If you have been following my blog you might remember that I previously had reviewed the FlexiShield Wave Case for the Google Nexus 7 (this link takes you to my review, you can find links to the item itself in the review or click here to go directly to the product page) from MobileFun.com. Check them out, they have a large number of mobile accessories.
So what is the Gum Rock Bluetooth Portable Suction Speaker Stand exactly?
The Gum Rock is a small device that connects to devices wirelessly via Bluetooth 3.0 (it’s also downward compatible with older Bluetooth versions) and plays any audio from any Bluetooth-enabled device and has a microphone so you can use it as a hands-free set. It works within 35 or so feet of your Bluetooth-enabled device, just like any other piece of Bluetooth electronics. There’s a suction on the bottom that can be stuck to pretty much anything flat – glass, metal, mirrors, windows, stuff in your kitchen or bathroom or shower or car – whatever is relatively smooth. It also has a silicone surface that can be easily wiped clean, and the whole thing is pretty splash-resistant. It can also be stuck to the back of your mobile device and used as a stand while still functioning as a speaker/mike.
The box the Gum Rock comes in is neither fancy nor plain. It shows a few of the Gum Rocks in a number of colors, and illustrations of various devices it can connect to, and a few specs. Do you really need a fancy box anyway? Nah.
The Gum Rock I received is blue, but it’s not an annoying neon blue nor a pastel blue. It’s a nice dark blue. There’s a bunch of other colors too; like black, orange, green, etc.
I don’t think it looks so much like a ‘rock’ as a ‘knob’ or partial globular device. In other words – it looks high-tech and futuristic. Though I can see where the general impression of a ‘rock’ comes from.
The first thing you notice once you take it out of the box is the velvety feel of the silicone covering, which is water-resistant. Velvety is the best word to use. And okay, I may have rubbed it across my face momentarily to see just how smooth it felt 😉 And indeed it is very smooth.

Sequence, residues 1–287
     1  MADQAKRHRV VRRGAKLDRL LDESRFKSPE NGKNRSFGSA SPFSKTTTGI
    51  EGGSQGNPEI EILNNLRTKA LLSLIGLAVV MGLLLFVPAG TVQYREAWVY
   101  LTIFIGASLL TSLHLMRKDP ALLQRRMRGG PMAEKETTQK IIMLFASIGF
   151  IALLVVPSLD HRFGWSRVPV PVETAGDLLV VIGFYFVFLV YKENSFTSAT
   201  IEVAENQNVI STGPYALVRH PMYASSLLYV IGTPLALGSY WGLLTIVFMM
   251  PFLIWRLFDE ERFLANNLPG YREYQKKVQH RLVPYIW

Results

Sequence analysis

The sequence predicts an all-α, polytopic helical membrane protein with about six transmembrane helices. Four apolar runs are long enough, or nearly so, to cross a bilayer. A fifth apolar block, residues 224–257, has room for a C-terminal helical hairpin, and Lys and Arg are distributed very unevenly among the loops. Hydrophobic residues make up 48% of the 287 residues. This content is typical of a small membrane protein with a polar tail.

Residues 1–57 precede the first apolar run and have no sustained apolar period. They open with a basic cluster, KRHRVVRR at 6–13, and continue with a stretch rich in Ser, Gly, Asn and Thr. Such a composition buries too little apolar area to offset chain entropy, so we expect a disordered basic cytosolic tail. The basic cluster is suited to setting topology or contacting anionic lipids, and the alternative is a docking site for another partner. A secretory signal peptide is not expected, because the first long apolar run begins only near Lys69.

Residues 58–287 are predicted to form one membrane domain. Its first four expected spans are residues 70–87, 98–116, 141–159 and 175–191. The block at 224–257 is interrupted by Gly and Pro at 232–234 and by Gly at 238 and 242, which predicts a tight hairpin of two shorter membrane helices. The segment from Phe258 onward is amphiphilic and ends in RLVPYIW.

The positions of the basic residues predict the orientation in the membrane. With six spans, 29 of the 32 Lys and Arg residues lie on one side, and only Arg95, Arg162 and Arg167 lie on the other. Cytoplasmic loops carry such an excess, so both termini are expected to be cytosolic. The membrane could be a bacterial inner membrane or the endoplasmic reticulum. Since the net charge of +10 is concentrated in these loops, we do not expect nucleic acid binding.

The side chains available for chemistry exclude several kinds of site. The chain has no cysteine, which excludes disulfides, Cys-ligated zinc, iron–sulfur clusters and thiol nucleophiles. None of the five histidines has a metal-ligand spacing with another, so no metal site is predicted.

At the bottom of the Gum Rock is a huge suction cup (I read a quick review by another blogger who stuck this to his forehead), on the side a little cover can be opened to access the USB charger port and the on/off switch. On the opposite side are three raised bumps where the controls are. On the little raised buttons are patterns of a cross, an arrow, and a line. Not only are these a good visual indicators of what they do but if you’re fumbling in the dark or low light or in your pocket you probably could find which is what using these little bumps, almost braille-like. I’ll get to what these buttons do later – they have multiple functions depending on what you are doing. Along one edge is a small pinhole where the hands-free microphone is.
Also in the box is a relatively short charging cable with a regular USB connector on one end and the micro-USB connector at the other for plugging into the Gum Rock. You probably got a million of these lying around, if you need a longer one.
There’s also a three-paged, double-sided instruction booklet. The instructions are printed fairly small but I think they are pretty readable, and there are some illustrations. The instructions themselves are understandable but obviously written by a person who’s second language is English.
After plugging one end of the charger cable into my computer, the other end into the Gum Rock and charging it for a while (the specs say 2 to 3 hours).
Once it was charged I turned on the little switch beside the USB port (both of which are under the cover, as mentioned above, see photo).